Examining Two Test Types and Their Application

Testing can focus on various aspects of a system or software. These aspects can include a focus on functionality, or what the system does, or on non-functionality, how the system does it what it does. It can also include testing on the system’s structure, changes to the system, if changes are successful, and if any unintended side effects happened. These four levels of test types are called functional, non-functional, structural, and change related. In this post, I will examine functional testing and testing pertaining to changes.

           Functional testing involves testing the specified behavior or “what it does” and may be performed at all test levels. Specification-based testing is also known as “black-box testing” since it tests without reference to the internal structure of the component or system (Black, 2012). The testing focus for functionality testing is usually suitability, interoperability, security, accuracy, and compliance, according to ISO 9126 standards. There are two main approaches to using this test type: requirements-based or business-process based.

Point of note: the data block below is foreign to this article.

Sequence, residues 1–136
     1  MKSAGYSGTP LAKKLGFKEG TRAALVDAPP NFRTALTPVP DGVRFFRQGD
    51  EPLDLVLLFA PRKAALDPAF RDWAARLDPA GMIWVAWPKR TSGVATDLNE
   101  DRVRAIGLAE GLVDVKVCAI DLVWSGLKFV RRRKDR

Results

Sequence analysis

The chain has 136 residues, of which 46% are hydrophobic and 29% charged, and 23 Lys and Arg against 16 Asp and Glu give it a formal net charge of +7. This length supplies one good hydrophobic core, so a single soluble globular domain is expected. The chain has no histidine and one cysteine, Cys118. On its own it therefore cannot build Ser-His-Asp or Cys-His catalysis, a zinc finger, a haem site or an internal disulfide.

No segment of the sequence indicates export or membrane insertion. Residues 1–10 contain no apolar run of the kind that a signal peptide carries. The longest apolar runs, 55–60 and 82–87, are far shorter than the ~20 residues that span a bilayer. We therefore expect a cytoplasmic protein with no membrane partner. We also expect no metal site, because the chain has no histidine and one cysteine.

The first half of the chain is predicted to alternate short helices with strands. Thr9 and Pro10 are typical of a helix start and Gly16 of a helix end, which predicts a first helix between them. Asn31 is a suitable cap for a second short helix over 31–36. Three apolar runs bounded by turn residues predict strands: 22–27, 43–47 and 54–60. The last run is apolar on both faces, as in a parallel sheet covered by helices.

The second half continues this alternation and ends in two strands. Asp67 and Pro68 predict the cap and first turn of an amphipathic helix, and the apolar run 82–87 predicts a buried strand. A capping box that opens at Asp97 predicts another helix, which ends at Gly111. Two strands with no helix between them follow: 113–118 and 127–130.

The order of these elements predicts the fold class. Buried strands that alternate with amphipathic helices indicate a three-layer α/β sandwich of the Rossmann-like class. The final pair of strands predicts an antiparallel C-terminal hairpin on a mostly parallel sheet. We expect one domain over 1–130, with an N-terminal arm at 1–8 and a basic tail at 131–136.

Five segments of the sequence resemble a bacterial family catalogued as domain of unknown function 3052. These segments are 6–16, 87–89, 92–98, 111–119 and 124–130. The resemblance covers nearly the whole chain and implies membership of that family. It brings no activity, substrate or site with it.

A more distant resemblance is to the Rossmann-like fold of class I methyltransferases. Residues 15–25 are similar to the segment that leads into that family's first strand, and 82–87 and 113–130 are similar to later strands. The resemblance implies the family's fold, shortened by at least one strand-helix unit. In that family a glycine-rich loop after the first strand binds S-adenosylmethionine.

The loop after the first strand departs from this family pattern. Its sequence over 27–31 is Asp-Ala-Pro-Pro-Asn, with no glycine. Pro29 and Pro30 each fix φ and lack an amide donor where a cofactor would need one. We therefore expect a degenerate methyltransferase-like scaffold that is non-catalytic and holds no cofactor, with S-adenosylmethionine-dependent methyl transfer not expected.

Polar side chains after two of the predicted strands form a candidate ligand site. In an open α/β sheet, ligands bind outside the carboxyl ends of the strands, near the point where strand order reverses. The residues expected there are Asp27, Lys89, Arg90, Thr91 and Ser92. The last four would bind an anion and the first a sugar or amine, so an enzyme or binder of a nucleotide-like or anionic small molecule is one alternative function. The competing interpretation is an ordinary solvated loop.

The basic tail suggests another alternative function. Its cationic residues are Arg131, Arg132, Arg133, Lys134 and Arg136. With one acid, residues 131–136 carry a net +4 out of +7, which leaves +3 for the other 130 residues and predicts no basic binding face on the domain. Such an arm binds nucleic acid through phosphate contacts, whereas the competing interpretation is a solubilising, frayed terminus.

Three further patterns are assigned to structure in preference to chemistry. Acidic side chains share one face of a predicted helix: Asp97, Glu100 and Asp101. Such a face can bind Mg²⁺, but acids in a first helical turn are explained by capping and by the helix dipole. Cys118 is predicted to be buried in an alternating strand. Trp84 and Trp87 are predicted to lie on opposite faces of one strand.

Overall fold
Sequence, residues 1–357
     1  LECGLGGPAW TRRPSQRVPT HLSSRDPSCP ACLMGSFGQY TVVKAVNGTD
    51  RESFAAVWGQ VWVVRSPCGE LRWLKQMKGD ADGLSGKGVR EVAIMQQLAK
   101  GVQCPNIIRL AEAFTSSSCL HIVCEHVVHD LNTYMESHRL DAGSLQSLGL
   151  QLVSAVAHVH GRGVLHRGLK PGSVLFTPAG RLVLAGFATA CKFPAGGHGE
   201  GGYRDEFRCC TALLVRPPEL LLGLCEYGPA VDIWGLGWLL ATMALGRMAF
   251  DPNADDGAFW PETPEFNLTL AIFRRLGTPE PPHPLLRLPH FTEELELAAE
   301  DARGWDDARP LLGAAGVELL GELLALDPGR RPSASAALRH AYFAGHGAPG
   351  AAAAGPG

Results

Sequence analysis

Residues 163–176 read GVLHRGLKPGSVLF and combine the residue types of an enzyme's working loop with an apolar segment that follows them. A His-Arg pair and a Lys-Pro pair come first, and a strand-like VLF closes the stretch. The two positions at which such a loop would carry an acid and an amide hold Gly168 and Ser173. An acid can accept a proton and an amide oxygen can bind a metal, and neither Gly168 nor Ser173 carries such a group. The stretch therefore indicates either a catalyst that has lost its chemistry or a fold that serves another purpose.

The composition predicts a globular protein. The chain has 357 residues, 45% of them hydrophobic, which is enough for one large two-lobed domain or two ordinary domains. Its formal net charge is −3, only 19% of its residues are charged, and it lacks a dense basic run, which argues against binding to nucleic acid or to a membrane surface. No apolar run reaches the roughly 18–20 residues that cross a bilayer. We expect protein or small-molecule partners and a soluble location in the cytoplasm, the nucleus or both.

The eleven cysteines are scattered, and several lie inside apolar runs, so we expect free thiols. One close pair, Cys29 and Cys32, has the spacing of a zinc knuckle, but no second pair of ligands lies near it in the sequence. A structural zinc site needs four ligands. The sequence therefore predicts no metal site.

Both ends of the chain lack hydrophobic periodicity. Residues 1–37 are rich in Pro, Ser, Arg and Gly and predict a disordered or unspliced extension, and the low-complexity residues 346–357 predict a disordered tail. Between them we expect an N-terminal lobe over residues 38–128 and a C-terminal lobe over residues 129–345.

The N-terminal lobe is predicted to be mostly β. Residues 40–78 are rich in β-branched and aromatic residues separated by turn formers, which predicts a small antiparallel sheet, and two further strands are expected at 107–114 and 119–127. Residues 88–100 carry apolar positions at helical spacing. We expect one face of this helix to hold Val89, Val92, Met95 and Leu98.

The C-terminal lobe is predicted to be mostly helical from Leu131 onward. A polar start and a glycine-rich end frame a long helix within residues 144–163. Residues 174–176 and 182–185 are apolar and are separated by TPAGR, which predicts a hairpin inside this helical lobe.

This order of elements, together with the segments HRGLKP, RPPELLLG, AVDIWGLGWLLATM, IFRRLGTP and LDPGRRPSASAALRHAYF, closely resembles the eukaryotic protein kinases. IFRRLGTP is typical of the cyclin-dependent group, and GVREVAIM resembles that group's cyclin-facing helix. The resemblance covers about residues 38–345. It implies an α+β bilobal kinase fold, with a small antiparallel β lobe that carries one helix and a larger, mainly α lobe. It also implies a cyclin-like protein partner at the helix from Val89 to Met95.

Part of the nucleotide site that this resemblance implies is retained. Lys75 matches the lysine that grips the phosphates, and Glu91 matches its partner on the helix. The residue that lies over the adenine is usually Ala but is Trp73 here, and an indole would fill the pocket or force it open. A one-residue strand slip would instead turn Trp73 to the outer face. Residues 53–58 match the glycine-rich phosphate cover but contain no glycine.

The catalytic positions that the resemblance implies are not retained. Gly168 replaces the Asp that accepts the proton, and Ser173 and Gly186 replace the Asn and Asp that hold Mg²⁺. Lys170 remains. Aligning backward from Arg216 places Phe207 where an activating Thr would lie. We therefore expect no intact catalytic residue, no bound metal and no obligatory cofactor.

Requirements-based testing can take the requirements from the table of contents of a specification document and use them as a test basis for creating the tests. Business-based requirements are focused more on use cases from business processes. In a payroll system, for example, business processes would include when an employee joins the company or how often employees are paid.

  Testing related to changes involves confirmation and regression testing. After a failed test, a defect is found and fixed. Confirmation testing involves re-testing the code in the same way and make sure that the new code did not bring in any unintended side effects and can be used at all test levels. Regression testing is used as a follow up to confirmation testing.

           Regression testing involves executing test cases that have already been completed and most likely passed the last time they ran. We must organically grow the regression test suite over time in line with the software just as we do with unit tests. Should one of these tests now fail, we will have found a new defect introduced to the system. Regression testing should be performed at all test levels, specifically when a new version of the software is created, or the software environment changes.  

References

Black, R. Foundations of Software Testing ISTQB Certification. [Capella]. Retrieved from https://capella.vitalsource.com/#/books/9781305175594/

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